By Doug Cameron 

The crisis that has embroiled the world's airlines is now hitting the industry's biggest aircraft makers, Boeing Co. and Airbus SE, and further challenging Boeing's efforts to return its 737 MAX to service.

Airbus said it was slashing production by about a third after booking just 21 net orders for jets in March and delivering 36 jets to customers, amid a flood of requests by customers to defer and cancel orders.

Underscoring the challenge for Boeing's 737 MAX, Airbus said it was cutting its production of the MAX's chief rival -- the A320 -- to 40 a month, down from about 60 precrisis. Chief Executive Guillaume Faury said the company was working on "operational and financial mitigation measures to face reality" amid the coronavirus pandemic, including slashing spending and cutting costs at its plants.

Boeing is trying to win Federal Aviation Administration approval to return some 800 MAX jets to service, after two deadly crashes blamed in part on the plane's flight-control systems.

A sharp drop in demand and government travel restrictions around the world aimed at curbing Covid-19 fatalities have socked airlines. Carriers have responded by grounding large chunks of their capacity. Some 15,500 jetliners -- two-thirds of the global fleet -- are essentially parked, according to tracking service Cirium.

Avolon Holdings Ltd., one of the world's largest aircraft-leasing companies, last week said it had canceled an order for 75 MAX jets and pushed back the delivery of others until later in the decade. The Chinese-owned firm delivered the first MAX to an airline in 2017, but said it hadn't placed any of the new planes it had ordered with customers. It originally expected to receive 24 of the planes in 2020.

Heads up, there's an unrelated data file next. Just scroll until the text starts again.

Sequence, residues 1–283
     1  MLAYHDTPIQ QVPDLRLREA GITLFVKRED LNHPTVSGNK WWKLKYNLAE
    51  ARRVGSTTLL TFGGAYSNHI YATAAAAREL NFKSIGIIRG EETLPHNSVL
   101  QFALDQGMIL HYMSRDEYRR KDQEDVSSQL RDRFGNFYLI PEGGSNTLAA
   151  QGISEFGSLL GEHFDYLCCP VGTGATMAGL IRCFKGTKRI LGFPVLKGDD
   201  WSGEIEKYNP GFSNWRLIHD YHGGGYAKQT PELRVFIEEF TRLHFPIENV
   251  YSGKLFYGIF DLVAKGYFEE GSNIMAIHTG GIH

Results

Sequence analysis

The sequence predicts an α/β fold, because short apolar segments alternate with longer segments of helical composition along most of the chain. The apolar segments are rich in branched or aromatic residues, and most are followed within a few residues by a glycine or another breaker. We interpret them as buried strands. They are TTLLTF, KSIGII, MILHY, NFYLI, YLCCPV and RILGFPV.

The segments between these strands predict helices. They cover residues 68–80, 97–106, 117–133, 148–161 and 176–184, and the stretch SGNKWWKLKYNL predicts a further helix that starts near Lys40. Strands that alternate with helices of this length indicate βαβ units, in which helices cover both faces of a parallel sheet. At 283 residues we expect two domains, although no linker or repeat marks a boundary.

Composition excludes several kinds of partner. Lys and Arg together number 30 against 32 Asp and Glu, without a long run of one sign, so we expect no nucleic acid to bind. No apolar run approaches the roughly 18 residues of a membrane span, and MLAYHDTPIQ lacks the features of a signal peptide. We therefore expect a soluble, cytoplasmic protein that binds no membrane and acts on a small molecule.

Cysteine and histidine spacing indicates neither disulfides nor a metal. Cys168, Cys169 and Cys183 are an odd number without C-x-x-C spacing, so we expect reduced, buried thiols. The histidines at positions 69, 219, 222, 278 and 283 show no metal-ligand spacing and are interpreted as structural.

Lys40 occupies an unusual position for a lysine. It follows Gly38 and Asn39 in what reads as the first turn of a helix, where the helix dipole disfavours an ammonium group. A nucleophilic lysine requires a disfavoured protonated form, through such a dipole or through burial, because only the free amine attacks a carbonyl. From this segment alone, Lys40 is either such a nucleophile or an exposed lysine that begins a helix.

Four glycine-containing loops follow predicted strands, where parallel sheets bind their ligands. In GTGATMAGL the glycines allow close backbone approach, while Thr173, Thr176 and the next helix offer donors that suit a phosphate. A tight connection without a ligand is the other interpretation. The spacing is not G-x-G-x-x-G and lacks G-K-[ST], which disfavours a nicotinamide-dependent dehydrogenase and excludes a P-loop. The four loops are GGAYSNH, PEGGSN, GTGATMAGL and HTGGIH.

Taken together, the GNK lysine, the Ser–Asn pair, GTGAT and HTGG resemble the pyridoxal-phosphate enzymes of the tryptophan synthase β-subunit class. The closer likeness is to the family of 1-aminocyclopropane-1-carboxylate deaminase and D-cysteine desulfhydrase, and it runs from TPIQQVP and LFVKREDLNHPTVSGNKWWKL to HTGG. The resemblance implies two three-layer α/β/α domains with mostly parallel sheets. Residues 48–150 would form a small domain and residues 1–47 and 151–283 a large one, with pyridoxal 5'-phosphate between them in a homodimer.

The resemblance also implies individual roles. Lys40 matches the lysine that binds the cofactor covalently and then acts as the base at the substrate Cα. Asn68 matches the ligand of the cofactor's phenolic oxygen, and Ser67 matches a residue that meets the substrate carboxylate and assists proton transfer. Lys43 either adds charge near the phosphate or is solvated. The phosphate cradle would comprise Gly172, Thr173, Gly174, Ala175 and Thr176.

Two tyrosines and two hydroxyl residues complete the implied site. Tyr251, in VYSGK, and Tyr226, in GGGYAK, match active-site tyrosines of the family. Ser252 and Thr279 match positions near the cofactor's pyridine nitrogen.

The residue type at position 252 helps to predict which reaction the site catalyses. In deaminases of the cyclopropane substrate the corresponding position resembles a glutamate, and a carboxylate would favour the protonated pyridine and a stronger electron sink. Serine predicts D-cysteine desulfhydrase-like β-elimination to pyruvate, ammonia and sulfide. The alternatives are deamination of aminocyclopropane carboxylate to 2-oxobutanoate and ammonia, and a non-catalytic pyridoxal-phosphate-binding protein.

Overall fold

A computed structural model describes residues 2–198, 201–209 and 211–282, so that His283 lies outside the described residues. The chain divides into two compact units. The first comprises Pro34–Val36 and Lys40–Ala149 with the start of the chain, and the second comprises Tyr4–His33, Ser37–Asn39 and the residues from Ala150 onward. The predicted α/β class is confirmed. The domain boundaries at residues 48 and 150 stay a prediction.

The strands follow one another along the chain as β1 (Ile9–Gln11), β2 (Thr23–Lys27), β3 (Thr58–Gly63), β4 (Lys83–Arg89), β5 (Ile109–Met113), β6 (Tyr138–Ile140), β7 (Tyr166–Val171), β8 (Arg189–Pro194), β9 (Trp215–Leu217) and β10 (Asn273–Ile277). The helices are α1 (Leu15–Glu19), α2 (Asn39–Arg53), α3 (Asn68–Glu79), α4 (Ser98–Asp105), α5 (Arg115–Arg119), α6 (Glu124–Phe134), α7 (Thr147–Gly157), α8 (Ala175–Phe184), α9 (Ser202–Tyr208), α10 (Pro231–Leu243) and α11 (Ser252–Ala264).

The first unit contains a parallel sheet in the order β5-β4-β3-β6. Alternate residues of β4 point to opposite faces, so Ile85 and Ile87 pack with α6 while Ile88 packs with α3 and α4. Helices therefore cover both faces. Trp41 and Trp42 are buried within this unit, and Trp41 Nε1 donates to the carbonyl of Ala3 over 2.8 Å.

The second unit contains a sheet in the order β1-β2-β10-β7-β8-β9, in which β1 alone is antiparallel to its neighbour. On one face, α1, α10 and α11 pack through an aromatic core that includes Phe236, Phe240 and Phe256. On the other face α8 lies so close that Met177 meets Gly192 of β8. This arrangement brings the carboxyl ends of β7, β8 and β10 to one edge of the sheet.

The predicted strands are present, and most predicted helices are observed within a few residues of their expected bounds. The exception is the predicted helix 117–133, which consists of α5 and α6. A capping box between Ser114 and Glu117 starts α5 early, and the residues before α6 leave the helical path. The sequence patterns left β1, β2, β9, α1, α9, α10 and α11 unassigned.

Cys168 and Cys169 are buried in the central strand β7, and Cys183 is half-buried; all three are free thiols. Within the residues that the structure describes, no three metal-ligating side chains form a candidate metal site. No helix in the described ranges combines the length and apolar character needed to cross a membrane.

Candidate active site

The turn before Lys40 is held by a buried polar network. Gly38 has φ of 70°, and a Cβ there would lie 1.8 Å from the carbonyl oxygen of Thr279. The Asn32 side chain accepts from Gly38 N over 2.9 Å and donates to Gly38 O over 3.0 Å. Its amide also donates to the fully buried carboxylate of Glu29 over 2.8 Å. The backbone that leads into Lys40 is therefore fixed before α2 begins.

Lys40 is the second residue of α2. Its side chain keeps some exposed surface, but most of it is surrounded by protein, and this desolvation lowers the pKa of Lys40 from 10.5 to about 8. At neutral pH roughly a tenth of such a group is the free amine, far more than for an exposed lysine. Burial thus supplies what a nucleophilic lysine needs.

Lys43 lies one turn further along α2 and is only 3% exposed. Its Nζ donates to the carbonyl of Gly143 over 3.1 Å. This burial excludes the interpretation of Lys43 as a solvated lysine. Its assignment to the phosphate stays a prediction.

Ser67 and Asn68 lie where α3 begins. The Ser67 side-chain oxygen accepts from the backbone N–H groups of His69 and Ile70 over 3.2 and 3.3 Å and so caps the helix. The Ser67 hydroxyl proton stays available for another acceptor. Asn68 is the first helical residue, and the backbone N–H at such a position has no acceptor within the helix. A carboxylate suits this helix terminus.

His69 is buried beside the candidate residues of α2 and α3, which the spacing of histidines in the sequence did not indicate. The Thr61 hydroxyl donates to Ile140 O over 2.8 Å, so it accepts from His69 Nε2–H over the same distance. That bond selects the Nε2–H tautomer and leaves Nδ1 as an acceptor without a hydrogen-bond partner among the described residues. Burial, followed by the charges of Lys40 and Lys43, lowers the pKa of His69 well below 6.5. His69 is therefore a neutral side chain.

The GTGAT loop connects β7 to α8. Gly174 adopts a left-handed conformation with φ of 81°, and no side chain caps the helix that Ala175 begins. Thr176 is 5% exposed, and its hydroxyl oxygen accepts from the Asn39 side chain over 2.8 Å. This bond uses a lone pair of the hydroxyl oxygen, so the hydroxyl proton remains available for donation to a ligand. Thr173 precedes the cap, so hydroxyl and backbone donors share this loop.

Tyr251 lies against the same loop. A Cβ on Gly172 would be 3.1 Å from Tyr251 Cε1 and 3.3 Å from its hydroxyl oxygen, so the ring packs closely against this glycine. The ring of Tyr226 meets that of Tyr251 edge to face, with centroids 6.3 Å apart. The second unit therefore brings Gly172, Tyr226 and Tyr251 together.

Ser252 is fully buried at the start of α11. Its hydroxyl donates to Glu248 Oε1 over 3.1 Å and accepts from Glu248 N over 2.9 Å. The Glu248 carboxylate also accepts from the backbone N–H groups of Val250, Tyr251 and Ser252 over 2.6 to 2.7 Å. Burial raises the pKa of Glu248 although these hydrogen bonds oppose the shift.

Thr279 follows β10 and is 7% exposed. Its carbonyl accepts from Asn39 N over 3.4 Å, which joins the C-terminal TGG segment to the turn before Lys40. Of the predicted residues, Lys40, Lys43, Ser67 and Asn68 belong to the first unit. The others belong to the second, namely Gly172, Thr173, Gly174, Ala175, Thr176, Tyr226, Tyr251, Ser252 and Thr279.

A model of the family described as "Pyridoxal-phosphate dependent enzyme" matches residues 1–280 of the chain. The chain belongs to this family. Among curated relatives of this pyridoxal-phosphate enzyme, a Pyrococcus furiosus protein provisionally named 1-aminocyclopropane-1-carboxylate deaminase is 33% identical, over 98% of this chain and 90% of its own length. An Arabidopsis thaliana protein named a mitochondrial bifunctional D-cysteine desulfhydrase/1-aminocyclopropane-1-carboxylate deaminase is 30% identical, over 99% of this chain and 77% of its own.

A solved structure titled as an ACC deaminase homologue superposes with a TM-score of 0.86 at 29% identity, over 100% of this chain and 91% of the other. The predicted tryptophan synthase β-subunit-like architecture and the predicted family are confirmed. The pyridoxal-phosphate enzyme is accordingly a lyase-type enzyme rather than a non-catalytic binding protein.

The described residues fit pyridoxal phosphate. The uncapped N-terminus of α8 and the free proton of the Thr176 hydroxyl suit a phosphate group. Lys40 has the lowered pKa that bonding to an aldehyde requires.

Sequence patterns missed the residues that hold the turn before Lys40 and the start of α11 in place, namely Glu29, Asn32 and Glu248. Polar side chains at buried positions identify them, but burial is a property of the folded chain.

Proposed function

Boeing had hoped to restart limited MAX production in May. But the coronavirus pandemic forced the indefinite closure of its main assembly plants near Seattle and one in South Carolina. It has said it expects regulators to approve the plane for flight by midyear after it made a number of fixes to flight-systems software and pilot training.

Before the pandemic, Boeing had planned to deliver much of its backlog of completed MAX jets, and analysts forecast it would assemble as many as 200 more this year. With airlines putting planes out of service to deal with capacity cuts, those forecasts are being cut sharply.

Boeing hasn't provided delivery guidance since the MAX was grounded. It is expected to disclose its own monthly deliveries next week.

"Any aircraft taken for delivery now would go straight into storage," said Sheila Kahyaoglu, an analyst at Jefferies & Co.

Boeing delivered just 30 jets through February, including four military versions of commercial planes, and a dozen more in March -- most of those at the start of the month -- according to tracking service

Almost three-quarters of Boeing deliveries went to U.S. carriers. Travel restrictions in place to curtail the pandemic also limit the ability for overseas carriers to collect new deliveries of jets.

U.S. airlines could be a bright spot for MAX deliveries. American Airlines Group Inc. was due to receive as many as 24 MAX jets this year. The company said it is still interested in taking deliveries to replace older planes it has opted to retire early.

United Airlines Holdings Inc. was down to take 32 in 2020. It hasn't said how many it might now take, after slicing a third of its planned capital spending for the remainder of the year.

Like Avolon, other aircraft lessors serving smaller overseas carriers have backed away from some of their MAX commitments. AerCap Holdings NV and Air Lease Corp., two of the largest aircraft lessors, have either deferred some of their MAX orders or swapped them for other Boeing jets.

Benjamin Katz contributed to this article

Write to Doug Cameron at


(END) Dow Jones Newswires

April 08, 2020 15:23 ET (19:23 GMT)

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